For some poor, unfortunate individuals, musical theatre is the audible equivalent of fingernails upon a blackboard. They perceive it as a trite, pointless art form. The goal of this regular feature is to introduce readers to worthy, quality contributions to the musical theatre genre in the hopes of increasing the art form’s appreciation.
If there is any composer that may take on the label “The New Stephen Sondheim,” it would be Jason Robert Brown. Stylistically, they’re very similar, with scores that feel more like mathematical theorems in their precision than the more typical soaring, lush, romantic scores that often dominate musical theatre. However, that would hardly be sufficient reason to name Brown as a worthy successor to the Stephen Sondheim musical dynasty. What really makes Brown a follower in Sondheim’s footsteps is his tendency to dive into the more difficult, unpleasant aspects of human interactions, the neuroses and petty, selfish, sometimes vindictive drives that guide everyday human dealings. Whether he is mining that territory for dry comedy or poignant tragedy, his lyrics always place his characters’ insecurities and worries front and center.
With dialogue written by Driving Miss Daisy playwright Alfred Uhry and direction by Broadway legend Harold Prince, Jason Robert Brown’s first Broadway musical, Parade, may have looked like a sure-fire hit. Alas, when it hit the Great White Way in 1999, it was met with audience indifference and a divided critical response. It tells the true story of Leo Frank, a Jewish factory runner in 1913 Atlanta who was wrongfully accused of murdering thirteen-year old, female employee Mary Phagan. He was found guilty and sentenced to be executed, only to have his sentence commuted to life in prison by the governor of Georgia. Instead, an angry mob abducted him from prison and hanged him in 1915.
Parade’s subject matter was always going to make it a difficult sell, given the bleak, rather hopeless ending that accompanies the true story, and its close time proximity to Ragtime, a musical (based on a novel) involving another early twentieth century, racially-charged miscarriage of justice, audiences may have felt a bit weary of courtroom denouncements, but it’s score features some of the best Broadway songs of the past twenty years.
The song presented here is the show’s most optimistic number, in which Leo Frank, waiting in a jail cell, is informed that his wife has gotten the Governor to review his case. When a show’s most optimistic moments basically amounts to, “yay, I might not be executed,“ you know you’ve got a pretty bleak show on your hands. However, this song, full of triumphant, hopeful lyrics and an exultant score makes you hope, just for a few minutes, the world will work out the way it should.
Check out the song from the show’s 1999 Tony Awards performance below:
I love this song’s lyrical structure. Listen to the lyrics of the first verse. They’re all short, declarative sentences, regarding all of the actions connected to his approaching execution and the fact that this new development means those actions should now be placed on hold. Parties and parades celebrating his imminent demise can be forgotten, his mother can stop crying, his rabbi’s eulogy can be placed aside, and his cousin can stop counting his inheritance. It’s a series of brief, exciting bursts, spoken by a man so excited by this new revelation, he can barely form sentences to express his elation. Much of the play, especially the first act, presents Leo as a taciturn, borderline unsympathetic, protagonist. The show’s heart really involves the thawing of the chilly Leo and the blossoming of his relationship with wife, Lucille.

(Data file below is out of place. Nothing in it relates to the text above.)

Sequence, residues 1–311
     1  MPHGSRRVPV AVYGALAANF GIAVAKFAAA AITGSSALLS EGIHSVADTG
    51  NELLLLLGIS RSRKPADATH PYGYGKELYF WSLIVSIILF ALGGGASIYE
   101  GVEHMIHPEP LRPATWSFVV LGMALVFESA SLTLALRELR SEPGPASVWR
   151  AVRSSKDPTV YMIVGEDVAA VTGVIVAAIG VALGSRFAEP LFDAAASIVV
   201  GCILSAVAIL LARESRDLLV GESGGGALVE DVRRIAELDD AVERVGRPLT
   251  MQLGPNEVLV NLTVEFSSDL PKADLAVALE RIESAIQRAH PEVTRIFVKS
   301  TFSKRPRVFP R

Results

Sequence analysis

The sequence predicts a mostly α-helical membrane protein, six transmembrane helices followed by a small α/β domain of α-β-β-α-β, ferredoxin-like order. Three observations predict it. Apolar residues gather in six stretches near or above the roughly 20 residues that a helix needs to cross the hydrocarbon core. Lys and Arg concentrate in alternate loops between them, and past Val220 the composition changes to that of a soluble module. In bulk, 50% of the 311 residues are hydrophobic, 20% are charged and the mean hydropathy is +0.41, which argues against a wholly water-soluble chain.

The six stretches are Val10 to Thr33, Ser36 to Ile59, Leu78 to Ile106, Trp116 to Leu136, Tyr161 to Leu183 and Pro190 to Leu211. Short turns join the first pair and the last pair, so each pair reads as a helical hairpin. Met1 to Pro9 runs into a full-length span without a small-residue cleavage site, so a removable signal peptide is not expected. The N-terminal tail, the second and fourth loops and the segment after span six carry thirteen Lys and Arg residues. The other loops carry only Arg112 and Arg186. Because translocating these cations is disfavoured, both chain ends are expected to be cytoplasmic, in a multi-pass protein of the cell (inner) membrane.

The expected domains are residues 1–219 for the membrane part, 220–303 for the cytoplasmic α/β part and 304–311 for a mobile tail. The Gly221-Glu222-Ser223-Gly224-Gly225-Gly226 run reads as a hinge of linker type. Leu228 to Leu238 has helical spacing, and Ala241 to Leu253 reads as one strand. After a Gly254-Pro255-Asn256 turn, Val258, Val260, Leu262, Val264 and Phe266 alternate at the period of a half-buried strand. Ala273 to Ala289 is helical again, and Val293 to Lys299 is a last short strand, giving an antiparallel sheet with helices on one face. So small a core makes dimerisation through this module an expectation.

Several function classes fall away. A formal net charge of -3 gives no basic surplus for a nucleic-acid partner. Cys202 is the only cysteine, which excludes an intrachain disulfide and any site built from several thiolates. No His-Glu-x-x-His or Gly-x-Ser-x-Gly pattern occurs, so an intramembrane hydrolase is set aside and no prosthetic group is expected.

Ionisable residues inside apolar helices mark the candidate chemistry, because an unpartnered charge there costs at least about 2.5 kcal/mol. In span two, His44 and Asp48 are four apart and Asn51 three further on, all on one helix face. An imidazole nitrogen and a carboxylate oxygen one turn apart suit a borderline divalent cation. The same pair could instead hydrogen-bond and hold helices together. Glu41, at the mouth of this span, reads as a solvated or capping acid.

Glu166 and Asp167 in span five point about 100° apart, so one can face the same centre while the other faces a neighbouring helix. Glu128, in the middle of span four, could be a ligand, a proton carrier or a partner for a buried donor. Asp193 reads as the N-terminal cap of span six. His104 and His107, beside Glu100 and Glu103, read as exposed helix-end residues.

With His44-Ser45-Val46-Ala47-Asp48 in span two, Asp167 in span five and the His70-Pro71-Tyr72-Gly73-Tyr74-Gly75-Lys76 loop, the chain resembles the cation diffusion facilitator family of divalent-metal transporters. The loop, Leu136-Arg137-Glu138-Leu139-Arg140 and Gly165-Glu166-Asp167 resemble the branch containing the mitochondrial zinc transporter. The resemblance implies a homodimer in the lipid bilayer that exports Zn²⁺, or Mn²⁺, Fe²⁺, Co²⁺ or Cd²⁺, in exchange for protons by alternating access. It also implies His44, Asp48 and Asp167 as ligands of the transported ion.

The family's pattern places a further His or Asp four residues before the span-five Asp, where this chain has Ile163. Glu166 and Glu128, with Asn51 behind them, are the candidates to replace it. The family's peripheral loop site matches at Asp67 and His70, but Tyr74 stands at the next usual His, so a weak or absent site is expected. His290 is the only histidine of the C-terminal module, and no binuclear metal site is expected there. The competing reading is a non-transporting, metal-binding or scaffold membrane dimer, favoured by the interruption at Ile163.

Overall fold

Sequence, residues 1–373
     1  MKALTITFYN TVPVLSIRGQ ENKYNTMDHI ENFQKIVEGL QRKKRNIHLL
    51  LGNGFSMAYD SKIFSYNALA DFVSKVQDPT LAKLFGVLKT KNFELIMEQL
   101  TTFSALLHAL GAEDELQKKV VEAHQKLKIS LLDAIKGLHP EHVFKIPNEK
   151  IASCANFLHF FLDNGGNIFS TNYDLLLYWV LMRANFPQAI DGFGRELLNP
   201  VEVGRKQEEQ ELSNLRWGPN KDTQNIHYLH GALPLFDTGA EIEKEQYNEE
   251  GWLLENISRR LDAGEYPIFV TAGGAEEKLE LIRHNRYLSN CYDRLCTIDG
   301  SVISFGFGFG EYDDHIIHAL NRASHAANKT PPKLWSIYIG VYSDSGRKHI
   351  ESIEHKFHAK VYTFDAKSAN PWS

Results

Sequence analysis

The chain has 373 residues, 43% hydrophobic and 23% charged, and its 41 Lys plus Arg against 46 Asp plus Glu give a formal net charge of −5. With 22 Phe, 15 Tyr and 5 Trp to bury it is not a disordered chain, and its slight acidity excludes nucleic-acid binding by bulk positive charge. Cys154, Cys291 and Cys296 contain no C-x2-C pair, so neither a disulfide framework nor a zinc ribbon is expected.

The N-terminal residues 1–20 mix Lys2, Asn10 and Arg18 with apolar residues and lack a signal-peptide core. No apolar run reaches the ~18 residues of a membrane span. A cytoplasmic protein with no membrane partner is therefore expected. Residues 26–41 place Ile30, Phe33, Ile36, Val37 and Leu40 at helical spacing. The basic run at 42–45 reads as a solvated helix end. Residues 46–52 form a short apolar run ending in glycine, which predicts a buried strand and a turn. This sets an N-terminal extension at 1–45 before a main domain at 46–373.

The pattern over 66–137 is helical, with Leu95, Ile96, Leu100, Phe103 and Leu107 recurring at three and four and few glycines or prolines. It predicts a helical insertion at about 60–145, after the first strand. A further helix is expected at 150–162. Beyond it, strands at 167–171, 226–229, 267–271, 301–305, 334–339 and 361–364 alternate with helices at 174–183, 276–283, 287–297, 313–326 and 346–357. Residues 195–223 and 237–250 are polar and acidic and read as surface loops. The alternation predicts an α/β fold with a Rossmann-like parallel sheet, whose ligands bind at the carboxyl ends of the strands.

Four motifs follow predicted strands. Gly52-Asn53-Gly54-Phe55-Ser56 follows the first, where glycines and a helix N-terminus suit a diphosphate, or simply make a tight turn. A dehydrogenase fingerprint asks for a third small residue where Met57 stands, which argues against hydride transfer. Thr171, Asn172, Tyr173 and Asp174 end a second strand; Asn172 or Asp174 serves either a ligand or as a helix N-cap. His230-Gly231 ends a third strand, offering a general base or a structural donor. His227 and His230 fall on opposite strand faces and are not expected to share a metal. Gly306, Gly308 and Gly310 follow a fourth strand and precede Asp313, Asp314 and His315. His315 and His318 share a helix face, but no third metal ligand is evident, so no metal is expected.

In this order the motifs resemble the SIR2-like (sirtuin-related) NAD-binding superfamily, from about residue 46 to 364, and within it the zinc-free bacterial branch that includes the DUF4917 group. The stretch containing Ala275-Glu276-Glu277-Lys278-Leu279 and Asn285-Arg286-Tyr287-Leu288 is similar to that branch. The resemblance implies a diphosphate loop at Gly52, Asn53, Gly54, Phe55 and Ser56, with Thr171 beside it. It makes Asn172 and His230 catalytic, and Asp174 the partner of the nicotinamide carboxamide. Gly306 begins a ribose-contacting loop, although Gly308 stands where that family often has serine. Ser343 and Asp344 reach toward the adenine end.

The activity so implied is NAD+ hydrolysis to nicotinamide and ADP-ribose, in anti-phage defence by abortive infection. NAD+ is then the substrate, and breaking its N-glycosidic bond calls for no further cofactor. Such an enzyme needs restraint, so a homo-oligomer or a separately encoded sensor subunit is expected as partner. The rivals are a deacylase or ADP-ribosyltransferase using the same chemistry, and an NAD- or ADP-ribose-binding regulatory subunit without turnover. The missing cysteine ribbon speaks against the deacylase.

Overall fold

At the show’s onset, they exist in an icy, estranged, near-loveless marriage. Here, for the first time, he’s allowed her to help him with his case, and she has been able to come through. When he proclaims, near the end of the first chorus, “I’ve got the greatest partner any man can get,” it feels like a major breakthrough, both for Leo and his spouse.
The second verse beautifully demonstrates Brown’s lyrical dexterity. With lyrics such as “make the hangman stop his drumming, ‘cause I’m coming into town to win the day,” with its end and middle rhyme combination and “somehow, I haven’t, with my scheming, screwed things up beyond redeeming,” with its alliteration of the “s” sound creates a lyric that borders on tongue twister. It’s a brilliantly constructed set of lines that are wonderfully clever, but their cleverness doesn’t overwhelm the emotional heights the song is able to hit. It feels as though Leo’s elation is spilling out faster than even he can process. We still feel Leo’s emotions through the lyrics, and they’re craft heightens those emotions rather than dampening them.
The second chorus also has one of my favorite homophone pairings, the word “Hell,” in the line, “Hell, it’s just begun,” and “hail” in the line “hail, the resurrection of the South’s least favorite son.” The lines sound defiant and triumphant and serve as the character’s rallying cry. The song closes with a reemphasis of the new connection between Leo and Lucille, and promises hope, even though the audience knows it is a promise that won’t be fulfilled. Yet, the song sounds so hopeful and optimistic that the eventually tragic ending feels all the more brutal as a result. At least Brown gives the characters one brief moment to believe they can succeed.